Brian Thompson


As Interviewed by Cole Kennedy, March 19, 2015

Brian Thompson: In His Own Words

I’m Brian Thompson, I was born in Birmingham, Alabama. I’m 35 now years old, and I am an attorney. I went to LSU for college and then I went to UT Law School for law school, and now I am practicing law in Austin, Texas.

I think when I went to school and where I went to school it would have been unthinkable for anyone to even live openly as a gay or lesbian student, and then I think we’ve gone through a transition in the last 20 years where that’s not unthinkable anymore. Where there are kids who say at a very young age that they are gay or lesbian or bisexual or whatever, and you know I think there was a time, I’m sure it’s still happening where kids got bullied pretty badly, but I think we are going to enter into a next phase where that is going to kind of be, commonplace. It’s just going to be, okay well, so what, move on (laughs).

I had a friend who she was in a relationship with a woman and her name is Sonemaly which is not easy to spell. She’s from Laos originally. She was in a relationship with a woman and they had a wedding ceremony, although it wasn’t legal for them to be married in the State of Texas, yet. They had a wedding ceremony, they lived together, they shared financial obligations, they had a house together and then Stella got colon cancer and died back in June or July of last year. And we went to her memorial service and I told Som that if she needed any help with the estate or anything like that to give me a call and at this point Som had told me that everything was good, that Stella’s family was being nice and there was cooperation and she thought that everything was going to be fine. The original agreement was that they were just going to split every 50/50. Fifty percent would go to Som and fifty percent would go to Stella’s siblings and mother. Then it got ugly and for example, Stella was cremated and Som wanted the ashes and they were fighting over the ashes which is terrible and the family started to get really ugly and so what we are trying to do is prove that Texas has this thing called common law marriage which means that even though you don’t get a marriage certificate at the courthouse, that if you hold yourself out as being married and you agree that you’re married, and you live together then the State of Texas says “that’s a marriage” just like any other. And so what we are trying to do is prove that Sonemaly and Stella were in a common law marriage, but because the State of Texas doesn’t recognize marriage between people of the same sex we had to first get the court to say that that law was unconstitutional. That’s kind of our first hurdle. The next hurdle in the case is we have to show the Court that they agreed to be married, they held themselves out as being married and that they lived together. That’s not going to be a problem. They were married. I was at their wedding.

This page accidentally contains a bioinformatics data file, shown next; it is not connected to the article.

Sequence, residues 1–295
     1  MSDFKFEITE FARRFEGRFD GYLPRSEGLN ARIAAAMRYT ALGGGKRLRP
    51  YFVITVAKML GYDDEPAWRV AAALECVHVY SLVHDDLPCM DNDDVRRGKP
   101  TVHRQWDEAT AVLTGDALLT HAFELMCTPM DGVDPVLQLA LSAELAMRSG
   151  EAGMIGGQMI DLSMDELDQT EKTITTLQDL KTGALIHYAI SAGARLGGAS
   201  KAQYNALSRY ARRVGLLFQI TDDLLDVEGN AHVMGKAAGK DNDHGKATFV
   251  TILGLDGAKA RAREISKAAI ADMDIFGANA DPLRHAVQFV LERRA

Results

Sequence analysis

I think Texas will be told that they have to allow same-sex marriages. I don’t think they’re going to have to do it on their own. Texas is one of only 17 states where it’s still not legal. We’re definitely in the minority.

I think that you’ve probably met gay people and you probably have gay friends and you probably realize that gay people are normal people. There are a large segment of voters in the State of Texas that cannot say that. They’re from places out in West Texas that they’ve never met a gay person before and they are often very religious and they see, you know they read what the Bible says and they don’t have any other context because they’ve never met gay people before. I think that the people out in West Texas might really believe it because they’ve just never really been exposed to anything else. And they’re kinda scared of what they don’t know about. Even now at 35, I tend to think that people are generally good at heart, it’s just that a lot of times they’re just scared of what they don’t know. And I think that in this case there’s a lot of people that just don’t know. I mean, they’ve never met a gay person. And that’s one of the things that polls tell you is that the thing that can change someone’s mind the most on this issue is knowing a gay person. And realizing that we’re not crazy or evil or whatever.

On that issue I think education like making sure voters realize that it’s still legal in Texas to fire someone because they’re gay. I think that’s kind of number one is you have to make sure that the people who are voting even know that this is an issue. And then you have to elect people who think that this is a priority and think that this should be changed.

I think that marriage is probably going to happen soon. I don’t know about the other stuff. I mean it seems to me like unfortunately at least at the state level we are kinda going backwards on who we are electing. I mean there ain’t no way a non-discrimination bill for employment is going to get passed in this legislature. It could be that like with other things that Texas and the rest of the other southern states are pulled kicking and screaming into the 21st century on these issues. But, you know, that just may be what we have to do.